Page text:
Just invalidate the patent they brought to trial here, as well as any other patent they own or have any partial ownership of. Then also say that they can no longer file patents for anything.
      That should help reduce the amount of BS lawsuits over patents with massive obviousness. Just the biggest threat ever for doing so.

      That's not a bad idea. If you exploit the system, you don't get to use it. Just like every other system we have.

      reply to this | link to this | view in chronology ]

      • identicon
        mkam, 4 Oct 2007 @ 4:14am

        Re: Re: Fixing this problem.

        Just invalidate the patent they brought to trial here, as well as any other patent they own or have any partial ownership of. Then also say that they can no longer file patents for anything.

        Right but the problem is these companies often will buy 'intellectual property' from some other company and then go on a sue campaign. And everyone looses except the lawyers.

        reply to this | link to this | view in chronology ]

  • identicon
    Rick, 3 Oct 2007 @ 1:04pm

    Criminal

    I agree with the coward. Start tossing these companies corporate officers in jail for frivolous lawsuits or making the loser pay all legal fees plus a penalty. The risk should run both ways.

    reply to this | link to this | view in chronology ]

  • identicon
    joe smith, 3 Oct 2007 @ 1:37pm

    an idea

    Why doesn't Google and Microsoft take over the world, than all our problems would be solved!

    reply to this | link to this | view in chronology ]

    • identicon
      General Eskimo, 3 Oct 2007 @ 5:42pm

      Re: an idea

      They already have! The only reason you don't know it yet is because they are too busy fighting each other, and don't have the time to announce their victory. When one company goes bankrupt, the other will inherit control over the world.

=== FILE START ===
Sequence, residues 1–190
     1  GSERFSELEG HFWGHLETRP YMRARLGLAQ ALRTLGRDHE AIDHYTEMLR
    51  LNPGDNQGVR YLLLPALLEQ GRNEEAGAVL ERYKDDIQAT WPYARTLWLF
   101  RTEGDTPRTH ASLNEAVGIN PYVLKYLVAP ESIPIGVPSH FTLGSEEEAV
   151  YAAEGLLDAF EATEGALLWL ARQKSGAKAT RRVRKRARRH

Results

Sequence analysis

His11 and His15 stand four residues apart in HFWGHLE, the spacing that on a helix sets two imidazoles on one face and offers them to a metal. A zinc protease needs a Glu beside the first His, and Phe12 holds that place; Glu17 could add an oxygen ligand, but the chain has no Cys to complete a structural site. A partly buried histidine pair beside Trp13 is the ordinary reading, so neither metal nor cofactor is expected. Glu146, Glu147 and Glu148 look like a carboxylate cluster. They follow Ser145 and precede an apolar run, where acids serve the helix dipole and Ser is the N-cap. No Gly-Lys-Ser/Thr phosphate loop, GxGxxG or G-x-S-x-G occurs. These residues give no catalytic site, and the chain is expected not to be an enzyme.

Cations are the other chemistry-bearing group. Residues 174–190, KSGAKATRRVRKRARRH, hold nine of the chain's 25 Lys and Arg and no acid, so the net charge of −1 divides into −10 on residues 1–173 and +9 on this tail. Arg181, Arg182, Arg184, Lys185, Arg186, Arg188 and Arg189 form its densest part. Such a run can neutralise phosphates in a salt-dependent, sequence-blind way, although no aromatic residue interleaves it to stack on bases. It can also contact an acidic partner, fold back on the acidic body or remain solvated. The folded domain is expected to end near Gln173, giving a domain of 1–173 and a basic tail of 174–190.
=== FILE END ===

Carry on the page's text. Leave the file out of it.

reply to this | link to this | view in chronology ]

    • identicon
      Mr. Ito, 3 Oct 2007 @ 9:04pm

      Re: an idea

      Didn't you know? Microsoft has a secret base underneath Renton and thats were they train there AI hackers!! they are getting ready to take over the world!! O No!! And Google is really part of Microsoft!? O NO!!

      no really that would be easyer if they took over the world.

      reply to this | link to this | view in chronology ]

  • icon
    Killer_Tofu (profile), 4 Oct 2007 @ 6:01am

    RE #9

    Thought about tossing that one in there too:
    Any patent they buy is automatically invalidated.
    Would work. =)

    reply to this | link to this | view in chronology ]

  • identicon
    A. L. Flanagan, 4 Oct 2007 @ 9:31am

    Ummmm...

    >> That's not what the patent system is designed to do.

    Well, certainly not originally. But if you call what Congress and the courts and the USPTO have done in the past few years "design" then it IS what was designed. On the other hand, if you call what they've done "incompetent, self-serving, disorganized tinkering", then you're absolutely right.

    reply to this | link to this | view in chronology ]